"Mystery isn't something that is gradually evaporating. It grows along with knowledge."
A quote from Flannery O'Connor I came across years ago. It could stand as the epigraph of this blog. I never used it in anything I wrote, however, because I never got around to sourcing it.
As it happens, I recently stumbled on the origin.
In the spring of 1961, O'Connor gave a talk to an English class at Emory University in Atlanta. In the audience was a freshman named Alfred Corn who was wrestling with matters of faith and doubt. He was too shy to approach O'Connor after the talk, but later wrote her at home, agonizing over falling away from the biblical faith of his family. O'Connor was then 37 years old and the orthodox Catholic she would be for the rest of her life.
She responded at some length. Authentic faith must be grounded on doubt, she affirms: "Where you have absolute solutions…you have no need of faith. Faith is what you have in the absence of knowledge."
Several more letters followed, including the one with the remark about mystery,
Nineteen-sixty-two is about the time I was having the same crisis of faith as Alfred Corn, although I was somewhat older. I had already experienced in university and graduate school a passionate immersion in the murky spiritual depths of European literary Catholicism with all of its psycho-sexual drama. Gulping my way to the surface, I then latched onto some of the same writers O'Connor recommended to Corn -- Gerard Manley Hopkins, Teilhard de Chardin -- doubt and faith tugging in opposite directions, held together by the fraying threads of a poetic mysticism.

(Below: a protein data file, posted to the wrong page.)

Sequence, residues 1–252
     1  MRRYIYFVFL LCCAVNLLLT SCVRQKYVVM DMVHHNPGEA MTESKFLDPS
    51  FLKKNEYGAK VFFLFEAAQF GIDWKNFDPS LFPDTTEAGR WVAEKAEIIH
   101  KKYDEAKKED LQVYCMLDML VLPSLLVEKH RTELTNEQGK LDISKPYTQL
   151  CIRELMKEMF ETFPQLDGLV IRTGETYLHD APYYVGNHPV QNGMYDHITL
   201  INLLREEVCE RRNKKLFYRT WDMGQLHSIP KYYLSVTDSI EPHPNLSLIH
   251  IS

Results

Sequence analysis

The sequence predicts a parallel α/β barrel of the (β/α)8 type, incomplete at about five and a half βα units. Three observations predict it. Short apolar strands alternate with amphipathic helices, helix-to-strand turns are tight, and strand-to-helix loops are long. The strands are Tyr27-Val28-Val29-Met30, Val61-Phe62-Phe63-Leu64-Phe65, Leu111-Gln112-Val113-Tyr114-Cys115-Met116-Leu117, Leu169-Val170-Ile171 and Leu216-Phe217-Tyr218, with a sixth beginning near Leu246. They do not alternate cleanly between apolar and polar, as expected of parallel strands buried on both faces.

But there was science too, and as I studied more of its history and philosophy mystery did indeed seem to evaporate. I loved the clarity of science, the systematized skepticism, the search for tentative answers. It would be more years before I grasped the gist of the O'Connor quote -- that mystery grows along with knowledge.
But O'Connor was not to be my guide. She tells Corn of her willingness to accept the Church as her infallible teacher in matters of faith and morals. Left to herself, she says, she wouldn't know what is true or false, right or wrong. In this, I could not follow. It seemed an abdication of everything that makes us uniquely human, and to contradict what she told Corn about the importance of doubt.
Faith is not what you have in the absence of knowledge. Mystery is what you have, and curiosity.
Alfred Corn the anguished freshman, became Alfred Corn the poet. More of that on Monday.